This year has again seen rainfall exceed the norm. Saturated soils can wreak havoc on trees and other plants. The main reason injury occurs is related to oxygen availability in the soil. In flooded or waterlogged soils, oxygen diffuses slowly and reduces in concentration to a few percent or zero. As oxygen is excluded from roots, there is decreased aerobic root respiration, root growth, transpiration, and translocation. This results in less growth, yellow leaves, leaf drop, less fruit, and possible plant death.
Although survival is directly related to species' tolerance of waterlogged soils, other factors are important—including the soil type; the time, duration, and depth of the water; the state of the floodwater; and the age and size of woody plants.
Tolerant species, such as baldcypress, littleleaf linden, redtwig dogwood, mulberry, silver maple, and willow, can live on sites in which the soil is saturated for indefinite periods during the growing season.
Moderately tolerant species, such as green ash, hawthorns, honey locust, pin oak, red maple, river birch, sweetgum, and sycamore, can stand saturated soil for a few weeks to several months during the growing season, but these species die if waterlogging persists or reoccurs for several consecutive years.
Weakly tolerant species, such as American holly, balsam fir, black walnut, burr oak, catalpa, hackberry, Douglas fir, eastern cottonwood, and red oak, can stand relatively short periods of soil saturation—a few days to a few weeks—during the growing season, but they die if waterlogging persists for longer periods.
Intolerant species, such as American beech, black locust, crabapples, eastern hemlock, flowering dogwood, paper birch, pines, redbud, spruces, sugar maple, tuliptree, white oak, and yews, die if they are subjected to short periods of 1 or 2 weeks of soil saturation during the growing season. White pines and burning bushes are among the most sensitive, with saturation for as little as two days can cause root death, followed by plant death.
Unfortunately, little can be done to prevent damage to plants growing in waterlogged soils. If a woody plant shows injury symptoms, such as leaf drop, do not immediately replace it. Some plants will show initial injury symptoms and then recover. Many woody and herbaceous plants, including turf areas, will not recover. Be patient. Whether your plants are simply waterlogged or actually growing in flood areas, it will take a while to see the full extent of plant damage.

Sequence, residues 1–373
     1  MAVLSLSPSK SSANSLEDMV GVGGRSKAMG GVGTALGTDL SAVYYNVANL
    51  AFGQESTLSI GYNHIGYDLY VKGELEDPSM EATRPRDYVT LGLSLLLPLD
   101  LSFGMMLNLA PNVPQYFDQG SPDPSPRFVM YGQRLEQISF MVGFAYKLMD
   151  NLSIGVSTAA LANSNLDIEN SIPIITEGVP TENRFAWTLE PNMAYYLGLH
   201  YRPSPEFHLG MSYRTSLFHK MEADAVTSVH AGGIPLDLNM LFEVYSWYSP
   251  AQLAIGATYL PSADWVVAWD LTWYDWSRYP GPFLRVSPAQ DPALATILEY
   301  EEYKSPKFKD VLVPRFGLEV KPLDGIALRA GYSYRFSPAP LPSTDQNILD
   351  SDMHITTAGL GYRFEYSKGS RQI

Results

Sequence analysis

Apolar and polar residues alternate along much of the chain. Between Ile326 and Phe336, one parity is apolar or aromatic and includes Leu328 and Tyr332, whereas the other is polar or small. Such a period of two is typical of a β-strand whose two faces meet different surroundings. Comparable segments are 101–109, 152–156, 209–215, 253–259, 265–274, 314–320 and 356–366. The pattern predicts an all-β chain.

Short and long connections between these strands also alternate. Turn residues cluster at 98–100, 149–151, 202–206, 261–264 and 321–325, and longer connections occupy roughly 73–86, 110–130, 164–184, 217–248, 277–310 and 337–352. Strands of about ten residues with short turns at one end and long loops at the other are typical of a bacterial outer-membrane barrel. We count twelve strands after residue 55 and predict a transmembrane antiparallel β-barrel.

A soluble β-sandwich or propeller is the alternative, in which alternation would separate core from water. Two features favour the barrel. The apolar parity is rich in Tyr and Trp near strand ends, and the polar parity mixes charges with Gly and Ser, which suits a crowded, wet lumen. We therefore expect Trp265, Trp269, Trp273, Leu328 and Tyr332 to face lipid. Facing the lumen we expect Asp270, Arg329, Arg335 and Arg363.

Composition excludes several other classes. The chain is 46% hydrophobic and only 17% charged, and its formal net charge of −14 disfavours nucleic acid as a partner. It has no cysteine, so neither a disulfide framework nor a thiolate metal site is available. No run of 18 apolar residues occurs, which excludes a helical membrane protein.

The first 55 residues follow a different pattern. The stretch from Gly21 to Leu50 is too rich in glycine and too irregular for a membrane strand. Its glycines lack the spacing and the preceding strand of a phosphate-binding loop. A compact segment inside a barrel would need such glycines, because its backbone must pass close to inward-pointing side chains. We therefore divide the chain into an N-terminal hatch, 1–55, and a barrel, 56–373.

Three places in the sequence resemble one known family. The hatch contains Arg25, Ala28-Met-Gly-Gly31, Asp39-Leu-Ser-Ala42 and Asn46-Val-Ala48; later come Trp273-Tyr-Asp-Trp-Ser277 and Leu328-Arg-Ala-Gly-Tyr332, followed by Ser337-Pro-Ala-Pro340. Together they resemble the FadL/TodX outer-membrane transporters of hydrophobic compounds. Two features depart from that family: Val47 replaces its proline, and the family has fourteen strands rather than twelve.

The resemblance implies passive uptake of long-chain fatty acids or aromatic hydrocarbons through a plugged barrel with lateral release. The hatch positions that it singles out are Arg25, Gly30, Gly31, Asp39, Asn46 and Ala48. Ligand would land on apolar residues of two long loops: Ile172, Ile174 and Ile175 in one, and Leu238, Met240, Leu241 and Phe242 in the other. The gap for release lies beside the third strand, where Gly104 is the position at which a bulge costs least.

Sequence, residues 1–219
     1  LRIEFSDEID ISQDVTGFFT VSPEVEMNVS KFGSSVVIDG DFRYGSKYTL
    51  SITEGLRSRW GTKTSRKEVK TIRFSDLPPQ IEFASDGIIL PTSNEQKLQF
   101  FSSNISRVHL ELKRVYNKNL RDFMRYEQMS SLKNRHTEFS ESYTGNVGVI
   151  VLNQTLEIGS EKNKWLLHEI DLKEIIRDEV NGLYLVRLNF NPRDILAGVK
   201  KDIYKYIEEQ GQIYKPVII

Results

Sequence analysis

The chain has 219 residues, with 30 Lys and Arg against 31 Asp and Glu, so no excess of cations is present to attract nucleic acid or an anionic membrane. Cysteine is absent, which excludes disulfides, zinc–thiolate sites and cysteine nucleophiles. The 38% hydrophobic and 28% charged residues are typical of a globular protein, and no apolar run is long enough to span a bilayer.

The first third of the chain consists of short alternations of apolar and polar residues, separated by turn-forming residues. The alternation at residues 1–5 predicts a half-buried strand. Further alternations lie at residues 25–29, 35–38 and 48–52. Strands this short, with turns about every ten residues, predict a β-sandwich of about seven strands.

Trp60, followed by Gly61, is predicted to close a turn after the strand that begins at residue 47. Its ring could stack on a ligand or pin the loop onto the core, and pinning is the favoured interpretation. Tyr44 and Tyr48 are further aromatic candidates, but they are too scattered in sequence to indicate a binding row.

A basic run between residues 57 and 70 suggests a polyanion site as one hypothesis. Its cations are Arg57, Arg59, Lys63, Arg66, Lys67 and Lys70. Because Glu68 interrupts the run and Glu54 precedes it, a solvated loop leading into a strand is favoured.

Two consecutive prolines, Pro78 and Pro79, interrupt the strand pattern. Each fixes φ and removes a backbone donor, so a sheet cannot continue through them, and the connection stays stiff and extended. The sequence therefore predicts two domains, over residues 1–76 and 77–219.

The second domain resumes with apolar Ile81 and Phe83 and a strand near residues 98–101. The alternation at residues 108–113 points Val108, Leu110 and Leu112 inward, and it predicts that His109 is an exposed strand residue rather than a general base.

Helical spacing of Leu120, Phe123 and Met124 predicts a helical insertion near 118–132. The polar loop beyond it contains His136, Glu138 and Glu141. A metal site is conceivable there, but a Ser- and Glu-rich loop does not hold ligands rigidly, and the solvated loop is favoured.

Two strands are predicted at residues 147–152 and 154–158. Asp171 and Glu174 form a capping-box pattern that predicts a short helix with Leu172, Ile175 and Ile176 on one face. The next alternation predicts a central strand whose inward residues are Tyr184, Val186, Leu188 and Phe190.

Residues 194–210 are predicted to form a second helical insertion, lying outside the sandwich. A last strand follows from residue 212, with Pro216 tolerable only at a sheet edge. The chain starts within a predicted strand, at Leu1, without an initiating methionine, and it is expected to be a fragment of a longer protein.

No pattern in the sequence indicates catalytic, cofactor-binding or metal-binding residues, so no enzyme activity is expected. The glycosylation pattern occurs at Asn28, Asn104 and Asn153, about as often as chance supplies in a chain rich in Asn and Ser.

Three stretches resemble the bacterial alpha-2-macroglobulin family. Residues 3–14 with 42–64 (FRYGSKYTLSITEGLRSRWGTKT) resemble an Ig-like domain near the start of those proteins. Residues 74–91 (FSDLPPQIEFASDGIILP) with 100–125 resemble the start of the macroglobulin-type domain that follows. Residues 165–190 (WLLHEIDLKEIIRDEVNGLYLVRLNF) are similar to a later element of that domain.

July 9, 2009
As grass growth slows, rust will be one of the lawn fungi we are dealing with. Rust appears as an orange or yellowish-orange powder (spores) on grass leaf blades, especially in late summer to early fall when the weather is dry. Rust typically develops on lawns growing very slowly. Overall, the turf may assume a yellow, red, or brown appearance. Close examination will reveal the pustules, which easily rub off on your hand. Rust spores can easily be tracked into homes.
Low fertility (in particular nitrogen) and low water availability slow down turf growth, allowing rust to develop. Seasons with excess rain may have rust outbreaks due to loss of available nitrogen. Cool nights with heavy dew and light, frequent rainfall add to the ideal conditions for rust to develop. Warm, cloudy, humid weather followed by hot, sunny weather also favors rust development on lawns. Kentucky bluegrass, perennial ryegrass, and tall fescue are all affected, depending on cultivars. Rust spreads through air, water, shoes, equipment, and sod. Rust may weaken turfgrasses and make them more susceptible to other problems.
Control rust through sound turf management. Begin by choosing a quality blend of turfgrass seed. Resistance to rust can vary according to the race of the disease present. Maintain lawns through sound watering, mowing, and fertilizing. If you are watering, water early in the day so the grass dries quickly. Manage problem thatch. Increase vigor with an early fall nitrogen application, but don't overdo it. Check soil phosphorus and potassium levels through soil testing. Also assure good airflow over the site and light penetration by pruning trees and shrubs in the area near the lawn.
When rust occurs at this time, improved growth conditions of early fall often get lawns growing more vigorously and the rust fades away. Early September is a key time for fertilization. If conditions are dry, irrigation is also needed to increase the growth rate of the lawn.
Fungicides are rarely suggested on home lawns for rust control. Focus on the listed cultural practices described above.
July 1, 2009
Earwigs have definitely been the insect of the week. They hide in damp places out of the sun during the day, and become more active at night. They do feed on a variety of many things, but are mainly scavengers. Inside the home, they definitely fit into the nuisance pest category.
Here is a link to the U of I fact sheet on earwigs http://ipm.illinois.edu/hyg/insects/earwig/index.html